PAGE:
Distinguishing $X$ and $Z$ errors is easy. $X$ errors anti-commute with the $Z$-type stabilizers, and so when you perform a measurement of those parity checks, you get and answer '1'. Similarly, $Z$ errors give you a '1' answer only on the $X$-type parity checks.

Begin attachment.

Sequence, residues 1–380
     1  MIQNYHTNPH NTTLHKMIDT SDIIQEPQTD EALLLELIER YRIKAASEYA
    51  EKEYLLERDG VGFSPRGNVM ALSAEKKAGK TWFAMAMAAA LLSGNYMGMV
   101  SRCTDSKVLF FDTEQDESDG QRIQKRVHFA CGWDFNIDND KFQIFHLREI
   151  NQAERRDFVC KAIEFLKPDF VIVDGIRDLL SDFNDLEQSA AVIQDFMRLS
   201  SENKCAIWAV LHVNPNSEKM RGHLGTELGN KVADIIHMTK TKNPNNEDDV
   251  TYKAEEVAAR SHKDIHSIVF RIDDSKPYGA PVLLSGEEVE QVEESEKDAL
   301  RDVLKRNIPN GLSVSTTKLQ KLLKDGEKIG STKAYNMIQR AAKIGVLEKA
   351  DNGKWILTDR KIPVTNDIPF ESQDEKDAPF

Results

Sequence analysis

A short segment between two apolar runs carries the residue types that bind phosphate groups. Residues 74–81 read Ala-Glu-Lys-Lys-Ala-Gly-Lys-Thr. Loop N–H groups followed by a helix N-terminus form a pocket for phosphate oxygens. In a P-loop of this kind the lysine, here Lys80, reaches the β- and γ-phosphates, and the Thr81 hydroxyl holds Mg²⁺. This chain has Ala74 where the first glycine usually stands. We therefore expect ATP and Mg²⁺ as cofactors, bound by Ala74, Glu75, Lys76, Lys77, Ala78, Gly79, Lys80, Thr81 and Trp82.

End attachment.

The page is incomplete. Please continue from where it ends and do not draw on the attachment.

Also, note that, in the bulk (i.e. not on the edges), you never get a '1' on only one weight-4 parity check syndrome. They always come in pairs. You can never identify exactly what error happened (although you might make a good guess) but that doesn't prevent you from correcting the error. That's the whole point of a topological system. If a single $X$ error occurred somewhere, you don't have to apply the same $X$ to correct for it. Any sequence of $X$ operations that creates a closed loop on the lattice (without going off the edge) will also correct the error (and could equally have been an error sequence that gave the same syndrome).